The Effect of COVID-19 on Global Wheat Market

Countries are concerned with food security for the year ahead amid the pandemic, hence stockpiling wheat which is reflecting on its prices. This is causing exporting countries such as Russia  to introduce an export quota and taxes. While major importing countries like Egypt and Turkey see an expected increase in demand for wheat in the 2020-2021 year as the second wave of COVID spikes international tenders. 

Black Sea wheat prices experienced extreme volatility during 2020, reaching a six-year high at $258.50/mt on Oct. 23 and again on Dec. 27, and continued to push further at historically high levels while production reached near-record levels in Russia. Demand for wheat from elsewhere is expected to remain strong during the second half of the 2020-21 season (July 1-June 30), providing support to high prices.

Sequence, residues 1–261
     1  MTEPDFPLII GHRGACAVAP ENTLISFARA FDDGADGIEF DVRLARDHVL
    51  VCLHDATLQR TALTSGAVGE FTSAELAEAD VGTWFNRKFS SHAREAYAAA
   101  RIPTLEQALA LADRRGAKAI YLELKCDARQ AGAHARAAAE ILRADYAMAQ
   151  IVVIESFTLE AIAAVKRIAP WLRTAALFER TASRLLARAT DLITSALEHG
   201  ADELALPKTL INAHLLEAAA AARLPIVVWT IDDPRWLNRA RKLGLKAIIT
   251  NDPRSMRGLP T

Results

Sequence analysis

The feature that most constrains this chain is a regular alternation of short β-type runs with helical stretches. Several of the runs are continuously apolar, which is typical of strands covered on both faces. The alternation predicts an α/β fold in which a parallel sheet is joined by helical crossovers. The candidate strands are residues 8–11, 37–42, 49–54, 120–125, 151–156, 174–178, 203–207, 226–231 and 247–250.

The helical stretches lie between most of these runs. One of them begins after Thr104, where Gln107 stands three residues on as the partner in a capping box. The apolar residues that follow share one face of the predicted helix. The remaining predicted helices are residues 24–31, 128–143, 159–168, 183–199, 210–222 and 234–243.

Russia will start export quotas on grains and an export duty on wheat exports starting from Feb. 15, which will be a bullish factor to wheat prices in the Black Sea region. The export duty burden is expected to be split between Russian producers and importers; the main question is in what proportion to each party.

For the major importing countries of Black Sea wheat, including Egypt and Turkey, the US Department of Agriculture expects imports at 123.65 million mt in the 2020-21 marketing year (July 1-June 30), up 1.2% from 122.16 million mt in 2019-20. Sudden demand increases for wheat followed the second wave of the coronavirus pandemic has led to a spike in international tenders, further increasing demand.

Although growing conditions improved concerns over the 2021 production keep flying in the market. Increased demand from several states to ensure food security have been providing support to wheat prices in the Black Sea region. Also, dry weather during the winter planting season in Russia has created concerns over the 2021 wheat production level. As a result, prices soared to the initial six-year high at $257.25/mt on Oct. 23.

Source: S&P Global Platts